Document Number (FOIA) /ESDN (CREST): 
Document Page Count: 
Document Release Date: 
July 30, 2014
Case Number: 
Publication Date: 
April 1, 1993
PDF icon DOC_0000622830.pdf292.78 KB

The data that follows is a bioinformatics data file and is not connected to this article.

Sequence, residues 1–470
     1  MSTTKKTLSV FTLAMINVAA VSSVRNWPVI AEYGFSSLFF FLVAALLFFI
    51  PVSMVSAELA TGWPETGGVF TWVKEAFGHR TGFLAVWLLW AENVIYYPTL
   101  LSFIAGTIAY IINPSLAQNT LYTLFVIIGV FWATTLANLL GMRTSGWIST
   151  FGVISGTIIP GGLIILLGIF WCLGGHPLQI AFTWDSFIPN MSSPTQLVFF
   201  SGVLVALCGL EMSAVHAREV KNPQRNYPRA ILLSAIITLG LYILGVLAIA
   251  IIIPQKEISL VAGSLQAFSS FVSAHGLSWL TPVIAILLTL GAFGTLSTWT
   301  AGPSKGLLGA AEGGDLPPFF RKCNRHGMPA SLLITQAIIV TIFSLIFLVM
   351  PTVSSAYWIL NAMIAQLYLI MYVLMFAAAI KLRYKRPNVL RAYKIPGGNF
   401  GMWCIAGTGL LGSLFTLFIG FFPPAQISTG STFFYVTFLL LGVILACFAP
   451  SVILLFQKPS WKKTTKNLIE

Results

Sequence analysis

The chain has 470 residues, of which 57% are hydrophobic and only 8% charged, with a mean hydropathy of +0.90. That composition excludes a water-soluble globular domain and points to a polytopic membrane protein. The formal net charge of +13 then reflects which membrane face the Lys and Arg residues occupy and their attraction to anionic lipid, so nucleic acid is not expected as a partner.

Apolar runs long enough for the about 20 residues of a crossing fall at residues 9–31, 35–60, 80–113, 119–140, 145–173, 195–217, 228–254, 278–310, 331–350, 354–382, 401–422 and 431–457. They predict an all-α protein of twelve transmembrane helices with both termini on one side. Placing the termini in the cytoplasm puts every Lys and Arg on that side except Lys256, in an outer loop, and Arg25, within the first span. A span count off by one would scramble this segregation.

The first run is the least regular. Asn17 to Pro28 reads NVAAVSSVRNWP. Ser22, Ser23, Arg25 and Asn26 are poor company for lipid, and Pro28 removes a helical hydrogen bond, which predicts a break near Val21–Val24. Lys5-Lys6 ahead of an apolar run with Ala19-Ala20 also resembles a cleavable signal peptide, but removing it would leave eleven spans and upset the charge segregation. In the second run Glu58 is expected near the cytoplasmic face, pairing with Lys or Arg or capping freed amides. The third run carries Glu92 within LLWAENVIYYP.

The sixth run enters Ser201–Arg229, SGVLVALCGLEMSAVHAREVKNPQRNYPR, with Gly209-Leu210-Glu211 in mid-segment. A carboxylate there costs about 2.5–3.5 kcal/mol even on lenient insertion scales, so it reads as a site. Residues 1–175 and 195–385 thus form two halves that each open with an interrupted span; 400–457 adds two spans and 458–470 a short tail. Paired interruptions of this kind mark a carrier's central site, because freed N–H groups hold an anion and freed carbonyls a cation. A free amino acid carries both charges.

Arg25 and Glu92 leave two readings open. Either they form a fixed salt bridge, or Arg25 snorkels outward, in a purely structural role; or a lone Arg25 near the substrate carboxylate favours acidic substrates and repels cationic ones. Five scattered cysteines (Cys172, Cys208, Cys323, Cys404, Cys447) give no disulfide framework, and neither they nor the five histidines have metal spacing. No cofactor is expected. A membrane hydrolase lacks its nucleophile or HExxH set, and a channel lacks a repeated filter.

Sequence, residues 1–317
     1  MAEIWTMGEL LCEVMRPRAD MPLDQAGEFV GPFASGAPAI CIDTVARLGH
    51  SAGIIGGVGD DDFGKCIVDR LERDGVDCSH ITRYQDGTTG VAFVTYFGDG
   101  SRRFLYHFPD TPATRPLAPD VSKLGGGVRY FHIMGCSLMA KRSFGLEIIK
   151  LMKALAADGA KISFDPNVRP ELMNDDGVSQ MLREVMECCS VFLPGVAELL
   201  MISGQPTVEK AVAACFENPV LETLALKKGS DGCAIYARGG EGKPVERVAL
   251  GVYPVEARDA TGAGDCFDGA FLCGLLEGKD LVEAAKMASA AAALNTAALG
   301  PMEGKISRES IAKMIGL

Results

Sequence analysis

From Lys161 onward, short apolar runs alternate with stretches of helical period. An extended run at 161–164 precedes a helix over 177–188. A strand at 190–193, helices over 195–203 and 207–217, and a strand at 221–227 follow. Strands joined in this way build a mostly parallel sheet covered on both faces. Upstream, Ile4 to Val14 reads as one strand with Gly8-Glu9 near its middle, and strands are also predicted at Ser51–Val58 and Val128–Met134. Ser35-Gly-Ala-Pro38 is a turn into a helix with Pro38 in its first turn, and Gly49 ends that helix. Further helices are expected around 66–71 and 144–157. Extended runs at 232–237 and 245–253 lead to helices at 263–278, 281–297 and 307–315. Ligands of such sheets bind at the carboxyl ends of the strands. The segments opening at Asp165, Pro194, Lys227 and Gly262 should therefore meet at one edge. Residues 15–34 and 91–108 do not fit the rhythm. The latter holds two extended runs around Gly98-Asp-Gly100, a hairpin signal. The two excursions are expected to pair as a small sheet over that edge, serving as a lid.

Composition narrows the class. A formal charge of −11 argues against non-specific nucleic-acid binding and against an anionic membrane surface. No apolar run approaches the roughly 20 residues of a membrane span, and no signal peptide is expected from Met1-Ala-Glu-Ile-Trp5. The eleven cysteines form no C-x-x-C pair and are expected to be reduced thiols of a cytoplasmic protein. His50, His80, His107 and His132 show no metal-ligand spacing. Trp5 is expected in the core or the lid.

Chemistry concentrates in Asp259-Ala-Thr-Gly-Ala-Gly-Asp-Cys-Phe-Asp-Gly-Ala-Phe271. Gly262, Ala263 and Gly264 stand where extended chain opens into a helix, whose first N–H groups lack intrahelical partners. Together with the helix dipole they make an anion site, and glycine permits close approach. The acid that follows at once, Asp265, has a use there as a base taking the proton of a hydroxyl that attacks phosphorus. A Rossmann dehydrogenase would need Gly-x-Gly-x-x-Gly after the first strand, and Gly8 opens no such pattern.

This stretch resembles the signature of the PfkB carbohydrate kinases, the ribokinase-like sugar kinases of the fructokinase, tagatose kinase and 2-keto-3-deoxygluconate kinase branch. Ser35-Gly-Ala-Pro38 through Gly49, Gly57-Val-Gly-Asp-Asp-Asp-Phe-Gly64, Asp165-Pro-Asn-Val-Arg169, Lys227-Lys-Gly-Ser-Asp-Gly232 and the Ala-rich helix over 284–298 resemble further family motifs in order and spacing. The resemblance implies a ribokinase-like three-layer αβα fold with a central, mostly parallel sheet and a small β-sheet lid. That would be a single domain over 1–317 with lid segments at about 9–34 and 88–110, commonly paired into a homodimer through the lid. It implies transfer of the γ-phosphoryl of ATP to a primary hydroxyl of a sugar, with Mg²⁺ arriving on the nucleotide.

Approved for Release: 2014/07/29 000622830TITLE: On Analytic Success and FailureAUTHOR: Martin PetersenVOLUME: 37 ISSUE: Spring YEAR: 1993Approved for Release: 2014/07/29 000622830 pproved for Release: 2014/07/29 000622830?STUDIESINTELLIGENCEA collection of articles on the historical, operational, doctrinal, and theoretical aspects of intelligence.0All statements of fact, opinion or analysis expressed in Studies in Intelligence are those ofthe authors. They do not necessarily reflect official positions or views of the CentralIntelligence Agency or any other US Government entity, past or present. Nothing in thecontents should be construed as asserting or implying US Government endorsement of anarticle's factual statements and interpretations.Approved for Release: 2014/07/29 000622830 Approved for Release: 2014/07/29 000622830Toward standardsstandardsOn Analytic Success and FailureMartin Petersen"Intelligence failure" are two words that analystsnever want associated with their name. But what isan intelligence failure? According to popular culture,at least as reflected by the press, our job is to knoweverything and to predict the future?and with a highdegree of specificity.' Intelligence, of course, willnever be all-knowing and all-seeing, and finishedintelligence often boils down to informed opinionabout the implications of precious few facts. This begsthe real question: what are reasonable standards?Setting reasonable standards begins with an apprecia-tion of the nature of our work and the field we playon. There are three givens in our world, and our suc-cess will always be hostage to them. First and fore-most, the information available to us is generallylimited, conflicting, and open to a variety of in-terpretations. Time pressures are great, and the issueswe are asked to address are almost always multi-faceted and evolving. The yes or no question is rare;we deal in trends and outlooks. The smoking gun ofan intelligence failure?that piece of reporting thatpoints clearly to the truth?is generally visible onlyin hindsight, and sometimes it is not so clear to us asit is to our critics.'The policy environment is frequently charged, and attimes it can be hostile. Not all agendas are above-board, and not everyone is interested in an objectiveassessment. For some policymakers, the truth?to thedegree it can be established?is as likely to makethem angry as it is to make them free. Thus, intelli-gence and the intelligence analyst may be seen as partof the problem rather than as part of the solution.Finally, a key piece of the puzzle often is what theUS Government is saying and doing in private, andthat can be the hardest piece to obtain. The task iseven more difficult when multiple policy agencies?each with its own agenda?are involved.5Setting a StandardBut what standard should we apply to ourselves? Ifwe cannot predict the future, is it enough just topresent the possibilities? Does a policymaker have toact on a piece of intelligence in order for us to besuccessful? Does the action itself have to be suc-cessful? Can there be an intelligence success and apolicy failure?I believe that in asking the question in this way weimply that intelligence, like a game, has a clear out-come and that we can keep score of wins and losses.The nature of our work indicates otherwise. Rather,we should define our standards in terms of the or-ganizational purpose of the Directorate of Intelli-gence (DI)?support to the policymaker. I believetherefore the difference between success and failureis whether or not we put the policymaker in a posi-tion to make the best-informed decision possibleunder the circumstances: we have to ensure thatpolicymakers are given the dynamics of a situationor issue, the risks to US interests, the options theyand their adversaries have, and the consequences ofvarious choices.To those who might say that this standard is toolimited and too subjective, I can only answer that,however subjective it may be, meeting it is not easy.'Moreover, it does have three concrete elements. We,have done our job well if, and only if:? We have answered the yes or no questions correctlyand have gotten the trend lines right. Yes or noquestions are comparatively rare: Will X invade Y?Who will win the election? More frequently, we areasked to assess the outlook for, or implications of,some development. In such cases, we have to beable to say that we foresaw the trend, even if wewere unable to measure it precisely: growth incountry X's exports over the decade; a decline incountry B's military capabilities.Approved for Release: 2014/07/29 000622830-Secret- Approved for Release: 2014/07/29 000622830? We have illuminated for the policymaker theforces at work and correctly estimated their im-portance, strength, and trends. It is not enough tojust report or even add context. We have to striveto put events in broader perspective and to pro-vide a framework that allows the policymaker toincorporate new information. We also have to beable to say that we correctly saw the threats to USinterests and laid out clearly options and conse-quences. We have to state the degree of confi-dence we have in our judgments and what factorscan change them.? We have marketed our product in a way thatallows it to play a role in the policy process. Thisrequires us to study our customers, to tailor ourproduct so that they can use it easily, and to makethem aware of the full range of our capabilities.?An intelligence success cannot be declared on thebasis of a single piece of finished intelligence.Rather, success on an issue or set of issues is deter-mined over time: did we adjust our analysis as cir-cumstances changed; did we effectively target andtailor our product to the shifting needs of our con-sumers; and were we timely? 5 If success is alwayssomehow conditional, failure can be immediate andabsolute. It may be a single piece that is poorlycrafted or the absence of a piece that should havebeen written. In either case, the stain is indelible,?and no amount of good work before or after com-pletely removes it.Knowing What You BelieveSetting a standard is one thing, but meeting it isanother. I believe the key to getting it right is know-ing what you believe and questioning what you be-lieve. Knowing what you believe involves identify-ing, and separating in your mind, the facts, what isnot known, your assumptions about how thingswork, and where the wheels can come off.As a rule, the facts are not that hard to identify, ifonly because there are generally so few of them.And most analysts are good at identifying what it isthey do not know that is critical to the issue at hand.We are also adept at dissecting the facts for clues tothe unknown. These things are not at the root ofmost flawed analysis.AnalyticThe problem frequently is our assumptions abouthow things work. Any analyst who has spent time onan issue quickly begins to form assumptions aboutits dynamics. Each of us builds out of assumptionsand opinions a subliminal model about some of thehardest things to know: motive, character, culture,who has influence, how decisions get made, and theinterrelationship of events. This barely conscious setof beliefs is the product of everything from earlier,accurate analysis to impressions gleaned from snip-pets we have read. These assumptions and opinionscan be, and often are, contradictory.Knowing what you believe also involves knowingwhere things can go wrong. Avoiding surprise isoften a function of knowing what is out there thatcan radically change our assessment. This is morethan an appreciation for the things we do not know;it is an awareness of the potential for the suddenso-called low-probability, high-impact event. We alsoneed to be attuned to how much our bottom-line judg-ment hinges on a particular variable or assumption.Three Examples(b)(1)(b)(3)(n)6Approved for Release: 2014/07/29 000622830 Approved for Release: 2014/07/29 000622830Analytic(b)(1)(b)(3)(n)Living With AssumptionsBecause we cannot do analysis without making someassumptions, we have to reduce our vulnerability byincreasing our awareness of our assumptions. Analystshave to ask themselves what they believe about thepriorities, motives, and interrelations involved in theissue at hand. The goal is to expose contradictorynotions and to identify the most questionable as-sumptions and the most volatile factors in the ana-lytic equation. This process sharpens our thinking,thereby making our analysis more persuasive. And,most important, it reduces the impact of unspoken,half-realized assumptions about new evidence.Thinking through one's assumptions is a tall orderunder the best of circumstances. First, you have toset aside the time to do so. Time is the analyst'smost precious commodity, but minutes invested inthinking about your account on the commute to andfrom the office or while taking a shower are minuteswell spent.Second, you have to limit your thinking to discreteproblems or issues. You are not going to be able tothink through all that you believe about China. You7can, however, think through what you believe aboutChina's relations with Taiwan or the Khmer Rouge'smilitary capabilities or Japan's approach to GATTnegotiations.Four TrapsBy itself, thinking through assumptions will not en-sure accurate analysis. There are many causes offlawed analysis, but the four most common are easyto avoid.Straight Line Projections. One of the easiest thingsto do as analyst is to take the present situation ortrend and project it. The press and TV commentatorsdo this frequently.6 Straight line projections occurwhen analysts fail to identify and think through allthe factors driving a problem. The analyst may be inover his or her head?or he or she may be guilty ofsloppy thinking. In either case, the result is an im-plicit conclusion that what is true today will be truetomorrow.This trap has two variants. One is to focus on a sin-gle variable and neglect others: polls, numericalstrength, and rates of growth. The other is to seek aprecedent in the past and transfer it to the future: thegovernment will survive this crisis because it hassurvived similar crises in the past.Sometimes the present situation does extend into thefuture, trends continue (that is why they are calledtrends), and historical precedents are valid clues tothe future. The point is not that such things are al-ways wrong. Rather, such things should ring a bellthat causes us to examine them closely before put-ting them in print.Seduced by Logic. Much has been written about themirror phenomenon in analysis, the assumption thatothers will behave as we would. We need to remindourselves that risk, goals, honorable outcome, andcost/benefit trade-offs are all culture-bound conceptsthat make actions that seem illogical or counter-productive to us acceptable to others. But I believethis is part of a larger analytic trap?being seducedby logic, our principal tool. We forget sometimes theimportance of emotion and the fact that all leadersmake bad, even stupid, decisions.Approved for Release: 2014/07/29 C00622830-grecTer Approved for Release: 2014/07/29 000622830Sometimes our analytic ability works against us inanother way. Analysts by disposition as well as bytrade, we divine hidden meaning and uncover pat-terns in events, even when they are not there. Givenenough time, a good analyst can fit any two piecesof information together. It is important to rememberthat many things are just what they appear to be, andthat there is such a thing as coincidence. SeeOccam's razor.Leap to Judgment. Because we see making judg-ments as one of the things that distinguishes us fromthe press and academics, we sometimes rush intothem, even when it would be wiser and more helpfulto the policymaker to reserve our opinion on howthings will turn out. Coups attempts, elections, andnegotiations are classic cases for caution, especiallyat the onset. The key variable in any fast-moving,evolving situation is that it is fast moving and evolv-ing, and we generally are trying to play catch-up.We are not forsaking our responsibilities if we with-hold a judgment on the outcome when things are toouncertain and our sources too limited to support aninformed opinion. Indeed, we may mislead our con-sumers if we try to do so in such circumstances. Webest serve the policymakers if we inform them aboutthe factors at work, the signposts to watch for, andthe implications of potential outcomes.The US Factor What Washington does or does notdo is often a key variable. It is essential to cultivatepolicymakers, not only to serve them better but alsoto avoid being surprised by our own government.Our analysis is much more likely to be flawed if wedo not know everything that is causing the other sideto react. We also have to remember that what theothers think Washington will do may be more impor-tant than what Washington actually does.Perceptions, after all, drive one's behavior.The coordination and review process is our bestdefense against these traps, as well as the other thingswe need to keep in mind. When they work as intend-ed, these two processes sharpen judgments and helpus articulate underlying assumptions. They force usto test our views and incorporate the expertise ofothers. Managers and analysts alike have a large stakein making review and coordination as intellectuallyrigorous (as opposed to mind-numbing contentious)as possible.SccrctAnalyticSome RemindersThere is more to successful analysis than avoid-ing analytical traps. We would do well to keepin mind:? How we say things can be as important aswhat we say. No one likes to be told, "I toldyou so," so be mindful of tone. Our access tothe policymakers is at their sufferance, and wewill not be invited back if we insist on puttingour thumb in their eye at every opportunity.? Cynicism is the DI disease. Some policiesthat DIers believe will not work ultimatelydo. We need to remember that the half-emptyglass is also half full and to look at what isgoing right, as well as what is going wrong.? The danger of casual causal judgment.Clauses that start with "if" or "given" aredangerous when carried over from one pieceto the next. They postulate a causal relation-ship that may no longer be that case, and theycan easily become ,unexamined assumptions.Every "if" and "given" should make uspause.? Numbers are meaningless, unless the readerknows how they were derived. Moreover, nomatter how sound our methodology, there is agood chance they are off by some factor.Numbers suggest a precision that intelligencerarely possesses.? Criticism is a given in our business. Indeed,it is necessary for success. We can only hopethat it is honest and informed, which it maybe more times than we are willing to admit.? Our own emotions and biases. Some con-sumers will see our work as a report card ontheir performance. We want to make sure thatthat is not our intent. We also have to takecare that pressure "to get on the team" doesnot lead us to an analytic version of Newton'sthird law, an equal and opposite reaction.8Approved for Release: 2014/07/29 000622830 Approved for Release: 2014/07/29 000622830AnalyticA Final WordWe are not primarily economists, historians, or polit-ical scientists. We are intelligence analysts. It is im-portant that each of us makes the time to think aboutour profession?what it is and how to do it better. Ifwe do not, we will never be as good at it as wecould be and as the nation needs us to be.NOTES1. During the Gulf war, some critics took us to taskbecause we could not state exactly how manyScuds Iraq had and where each was. Others havedeclared our work on the Soviet Union, EasternEurope, and any number of other places a failurebecause we did not predict a specific event suffi-ciently in advance or because we hedged ourwarning. Many of these criticisms start with apolicy preference and an assumption that theAgency has one, too.2. In Romeo and Juliet, Shakespeare captured theanalyst's point of view best: "Seal up the mouthof outrage for a while, til we can clear these am-biguities."3. As a quick review of the DI's Product EvaluationStaff's (PES) studies will reveal, a vigorous PESis essential to maintaining standards, howeverthey are defined. It is in the best position tobring the dispassionate, policy-neutral analysisessential to the evaluation of our work. Unlikethe press, PES also brings an understanding ofthe directorate and its mission on the task.9Secia4. I sometimes think that the role of the analyst isakin to getting policymakers to eat their vegeta-bles. We select only the finest vegetables, pre-pare them carefully, and serve them attractively.The problem is that policymakers also have a lotof meat on their plates, and they do not alwayseat their vegetables. Intelligence is good for you,but it is not always appetizing. Thus it is thatyou can have an intelligence success and a policyfailure.5. Personal success is something different. To mymind, it is more than getting it consistently right.As individuals, and as an institution, we oughtto strive to so establish our reputation for objec-tive, insightful analysis that our consumersacknowledge?implicitly if not explicitly?thatthey cannot have an informed opinion unlessthey know what we think. They may ultimatelyreject our views, but they nonetheless feel ob-ligated to check with us, even when they knowthey are not going to like what they will hear.6. Meg Greenfield in the 9 November 1992 issue ofNewsweek mused on why the press was so oftensurprised and wrong about developments in theelections. She argued that the press was swampedwith data but failed to look beyond them. I wouldadd that the press also fell victim to straight lineprojections. The coverage of the primaries, inparticular, is instructive in this regard.This article is classifiedApproved for Release: 2014/07/29 000622830-Sesr-44--